Eric Andre has had a meteoric rise to fame in the past few years. Sure, the Eric Andrew show has been around for nearly a decade, but his work in feature films only started recently in earnest, even working his way up to a Lion King voice and a main cast member on a Netflix cartoon. We’re at the point where he can headline his own movies now. And while Bad Trip squanders some of its potential, I’ll be waiting in line for his next effort.
Bad Trip is a hard sell for a lot of folks because of the angle it takes. It’s half-fake, half-reality prank show. Think Borat or Bad Grandpa, and you’ve got a vague idea of what to expect. It’s a loosely scripted story with pranks and all the release forms you can shake a stick at mixed in. Andre’s character (who is basically just an extension of himself) meets his lifelong crush, and wants to follow her to New York City from Florida. Throw in Lil Rel Howery as his friend, and Tiffany Haddish as Howery’s jail-escaped sister, and you have some semblance of a plot.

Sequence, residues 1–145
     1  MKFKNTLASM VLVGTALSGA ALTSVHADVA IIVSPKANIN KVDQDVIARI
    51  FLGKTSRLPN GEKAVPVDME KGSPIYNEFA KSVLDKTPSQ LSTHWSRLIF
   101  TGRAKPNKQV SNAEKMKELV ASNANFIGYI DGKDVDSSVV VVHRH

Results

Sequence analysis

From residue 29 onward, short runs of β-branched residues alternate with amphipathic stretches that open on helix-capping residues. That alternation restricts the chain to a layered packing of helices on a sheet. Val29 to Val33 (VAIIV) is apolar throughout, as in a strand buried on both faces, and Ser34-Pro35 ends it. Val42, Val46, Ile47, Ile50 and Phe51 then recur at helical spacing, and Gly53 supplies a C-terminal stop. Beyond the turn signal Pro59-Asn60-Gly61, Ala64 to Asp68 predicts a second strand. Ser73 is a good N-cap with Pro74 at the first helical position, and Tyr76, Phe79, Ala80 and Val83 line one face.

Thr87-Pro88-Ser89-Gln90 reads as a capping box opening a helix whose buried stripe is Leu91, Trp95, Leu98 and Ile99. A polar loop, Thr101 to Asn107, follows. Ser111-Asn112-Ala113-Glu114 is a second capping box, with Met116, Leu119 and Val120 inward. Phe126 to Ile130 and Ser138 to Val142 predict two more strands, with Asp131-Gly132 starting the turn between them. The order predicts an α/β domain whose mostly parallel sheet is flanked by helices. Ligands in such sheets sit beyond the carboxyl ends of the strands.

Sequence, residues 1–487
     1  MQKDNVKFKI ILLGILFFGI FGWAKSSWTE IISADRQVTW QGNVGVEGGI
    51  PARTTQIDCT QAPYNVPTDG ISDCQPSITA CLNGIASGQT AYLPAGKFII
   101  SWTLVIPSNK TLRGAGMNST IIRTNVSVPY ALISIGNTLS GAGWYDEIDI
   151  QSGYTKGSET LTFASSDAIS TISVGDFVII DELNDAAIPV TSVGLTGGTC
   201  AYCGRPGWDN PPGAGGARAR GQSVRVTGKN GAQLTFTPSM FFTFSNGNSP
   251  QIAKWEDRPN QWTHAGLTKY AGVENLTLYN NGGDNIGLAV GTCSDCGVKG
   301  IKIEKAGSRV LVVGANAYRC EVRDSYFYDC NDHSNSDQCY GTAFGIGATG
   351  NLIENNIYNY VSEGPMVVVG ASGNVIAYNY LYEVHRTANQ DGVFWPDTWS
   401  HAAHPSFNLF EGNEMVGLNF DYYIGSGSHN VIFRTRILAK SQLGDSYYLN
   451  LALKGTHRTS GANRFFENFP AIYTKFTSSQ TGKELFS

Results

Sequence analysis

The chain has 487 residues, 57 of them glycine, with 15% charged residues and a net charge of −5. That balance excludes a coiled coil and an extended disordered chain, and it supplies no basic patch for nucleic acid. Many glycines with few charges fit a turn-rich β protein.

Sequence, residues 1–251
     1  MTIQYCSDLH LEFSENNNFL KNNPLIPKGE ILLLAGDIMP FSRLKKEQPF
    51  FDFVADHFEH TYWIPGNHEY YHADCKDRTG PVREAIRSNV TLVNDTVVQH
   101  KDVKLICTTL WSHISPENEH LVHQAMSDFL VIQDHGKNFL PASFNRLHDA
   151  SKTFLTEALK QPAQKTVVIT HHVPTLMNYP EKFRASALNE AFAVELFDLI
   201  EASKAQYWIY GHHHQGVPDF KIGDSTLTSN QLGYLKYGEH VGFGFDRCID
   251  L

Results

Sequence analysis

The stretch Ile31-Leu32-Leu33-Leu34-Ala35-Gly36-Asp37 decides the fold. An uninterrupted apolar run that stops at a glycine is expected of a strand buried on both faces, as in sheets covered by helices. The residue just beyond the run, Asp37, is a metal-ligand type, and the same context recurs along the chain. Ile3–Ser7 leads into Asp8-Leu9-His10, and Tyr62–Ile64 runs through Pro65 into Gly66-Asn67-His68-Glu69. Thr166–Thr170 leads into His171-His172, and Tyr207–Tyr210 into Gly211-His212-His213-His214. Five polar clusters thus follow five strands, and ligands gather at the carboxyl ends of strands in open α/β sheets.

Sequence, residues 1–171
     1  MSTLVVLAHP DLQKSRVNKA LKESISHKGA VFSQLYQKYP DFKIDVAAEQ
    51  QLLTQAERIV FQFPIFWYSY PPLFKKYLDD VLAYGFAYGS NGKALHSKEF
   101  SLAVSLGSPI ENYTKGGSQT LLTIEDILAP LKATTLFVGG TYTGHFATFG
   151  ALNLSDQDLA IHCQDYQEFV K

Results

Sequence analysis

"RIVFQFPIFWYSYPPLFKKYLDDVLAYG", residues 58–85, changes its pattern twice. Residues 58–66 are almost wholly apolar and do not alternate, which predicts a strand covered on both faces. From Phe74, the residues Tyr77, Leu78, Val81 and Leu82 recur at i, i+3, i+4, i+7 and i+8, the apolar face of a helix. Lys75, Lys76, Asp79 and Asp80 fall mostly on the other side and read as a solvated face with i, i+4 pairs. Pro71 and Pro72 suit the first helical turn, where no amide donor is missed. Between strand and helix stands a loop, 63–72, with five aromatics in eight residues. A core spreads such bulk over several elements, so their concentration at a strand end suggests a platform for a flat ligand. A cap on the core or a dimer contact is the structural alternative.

I’ll say this: unlike a few other movies in the subgenre, the narrative is at least coherent. Andre needs to get from point A to point B, and antics happen along the way. Tiffany Haddish, who is seeking revenge for having her car stolen by the aforementioned duo, is basically acting out her scenes in a different movie; but she’s one of the brighter comedic elements of the film.
Bad Trip is a seesaw of a comedy. Some jokes (both scripted and non-scripted) land, and some don’t. Andre’s energy is infectious, but just like the character in his show, it can be a little much and draw you out of the scene. A few bits are comedic gold, like the “musical in real life” scene, where Andre sings a love song much to the chagrin of bystanders. Others are extremely uncomfortable, and not in a way that’s funny in the slightest, to the point of cringe.
But once those bits are over, Bad Trip typically gets back on track, and the smooth runtime ensures that there isn’t too much leftover chaff that the team felt the need to keep in the final cut. A lighthearted set of bloopers also add to the allure of the “hidden camera” setup. After the credits rolled I said to myself “I bet Jeff Tremaine was involved in this,” and it turns out, I was right! Although he wasn’t in the director’s chair this time around his signature uneven stamp was all over Bad Trip. It’s an easy watch and a tough watch all wrapped into one. Netflix is probably the perfect place for it.